“Russia was given every opportunity to put things right and rejoin the global anti-doping community for the well-being of its athletes and the integrity of the sport, but instead chose to continue in its stance of deceit and denial.’
Report findings revealed that a state-sponsored doping program lasted four years in Russia
Despite this, the suspension was considered “not enough” in some circles.
“I wanted sanctions that cannot be relaxed,” said former WADA Vice President Linda Helleland. “We owe it to the clean athletes to implement the sanctions as strongly as possible.”
The Russian ban was imposed following the 2014 Winter Olympics, which were held in Sochi. There, athletes from the host country won 33 medals, including 13 gold medals.
There were also hundreds of Russian athletes who took part in the 2016 Rio Games, where the country won a total of 56 medals.
After that, 168 athletes from Russia took part in the 2018 Winter Olympics in South Korea under a neutral flag.
Russian Vic Wild (left) and Alena Zavarina (right) are seen at the 2014 Winter Olympics in Sochi
168 athletes from Russia competed in the 2018 Olympics in South Korea under a neutral flag (Aleksandr Krushelnitckii and Anastasia Bryzgalova – pictured – returned their medals)
The extended suspension imposed also means that Russia cannot host or bid on major events for a period of time.
This would also include the 2032 Olympic and Paralympic Games, but the shortening of the ban could give Russia the right to host, provided their bidding process starts from early 2023 or later.
Whistleblower Grigory Rodchenkov, a former anti-doping official in Russia who fled his allegations over the state-sponsored doping program, still believes there is “more to do” around the issue.
In a statement released after the ban, Rodchenkov said: “Finally fraud, lies and forgeries of unspeakable proportions have been punished in full swing.
“Those involved in the corruption of certain sports such as athletics, weightlifting, skiing, biathlon and bobsleigh should be punished retroactively.”
Whistleblower Grigory Rodchenkov thinks there is still ‘more to do’ about Russian doping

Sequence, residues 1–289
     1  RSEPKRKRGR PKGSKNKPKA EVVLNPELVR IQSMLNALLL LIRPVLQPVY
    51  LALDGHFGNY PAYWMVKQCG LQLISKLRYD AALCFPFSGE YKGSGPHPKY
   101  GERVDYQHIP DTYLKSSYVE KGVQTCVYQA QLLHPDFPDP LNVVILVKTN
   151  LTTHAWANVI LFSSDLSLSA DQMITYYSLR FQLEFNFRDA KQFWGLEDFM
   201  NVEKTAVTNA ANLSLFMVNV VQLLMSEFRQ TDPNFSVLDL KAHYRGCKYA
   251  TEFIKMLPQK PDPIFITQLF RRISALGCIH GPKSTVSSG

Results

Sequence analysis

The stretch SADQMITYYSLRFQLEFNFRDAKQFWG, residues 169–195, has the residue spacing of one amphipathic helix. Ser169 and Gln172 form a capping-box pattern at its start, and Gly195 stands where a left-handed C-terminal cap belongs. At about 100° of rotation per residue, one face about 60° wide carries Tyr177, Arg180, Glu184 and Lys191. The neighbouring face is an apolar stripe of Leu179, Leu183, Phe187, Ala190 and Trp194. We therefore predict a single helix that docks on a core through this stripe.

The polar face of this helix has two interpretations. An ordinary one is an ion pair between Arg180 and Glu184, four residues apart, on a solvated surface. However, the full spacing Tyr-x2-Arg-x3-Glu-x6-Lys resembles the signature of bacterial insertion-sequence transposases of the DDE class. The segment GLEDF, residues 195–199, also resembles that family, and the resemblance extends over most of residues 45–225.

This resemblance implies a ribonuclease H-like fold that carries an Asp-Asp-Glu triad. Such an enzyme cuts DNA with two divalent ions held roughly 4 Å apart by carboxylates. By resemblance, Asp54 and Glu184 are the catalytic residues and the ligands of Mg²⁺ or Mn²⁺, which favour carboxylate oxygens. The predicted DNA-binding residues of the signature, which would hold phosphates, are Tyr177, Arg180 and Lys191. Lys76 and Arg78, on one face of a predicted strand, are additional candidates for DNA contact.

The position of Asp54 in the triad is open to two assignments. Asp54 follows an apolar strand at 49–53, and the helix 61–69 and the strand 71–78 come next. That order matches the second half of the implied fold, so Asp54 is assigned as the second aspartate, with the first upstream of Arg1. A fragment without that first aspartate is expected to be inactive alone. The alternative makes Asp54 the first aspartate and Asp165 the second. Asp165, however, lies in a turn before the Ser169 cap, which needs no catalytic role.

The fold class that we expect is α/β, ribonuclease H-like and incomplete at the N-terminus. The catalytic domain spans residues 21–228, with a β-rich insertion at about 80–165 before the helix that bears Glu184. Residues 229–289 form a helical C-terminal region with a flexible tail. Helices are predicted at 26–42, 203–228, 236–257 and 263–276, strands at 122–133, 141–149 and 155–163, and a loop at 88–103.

The Russian ban was imposed after the 2014 Winter Olympics in Sochi (pictured above)
He added: “There is a whole generation of beautiful athletes who have painfully given up on their dreams and lost awards because of Russian cheaters. We must take the strongest action to bring justice back to sport.”
After the brutal unveiling of their favorite uniform this year, new anger is directed at Russia.
ROC president Stanislav Pozdnyakov admitted that the national flag is visible “very, very clearly” and said: “You don’t really have to have a strong imagination.”
There is a belief that the kits are a mockery of the initial ban imposed by WADA – although CAS’s dilution has allowed the country’s colors to be used.
The International Olympic Committee has stressed that the designs are “in line with established and published implementation guidelines.” They explained that they were approved “on this basis.”
ROC President Stanislav Pozdnyakov (left) admitted that the national flag is visible on the Russian uniforms
The clothing for Russian athletes in Tokyo has sparked controversy over the design unveiled
ZASPORT, the equipment supplier to the Russian Olympic team, unveiled the clothing for the very first time in April.
Polo shirts and jackets are worn together with a white top, while large areas of blue and red are decorated across the body.
An accusation has been made that the uniforms are very similar to those worn by Russian athletes at past events.
Russia acknowledges difficulties in implementing its anti-doping policy but denies a state-sponsored doping program.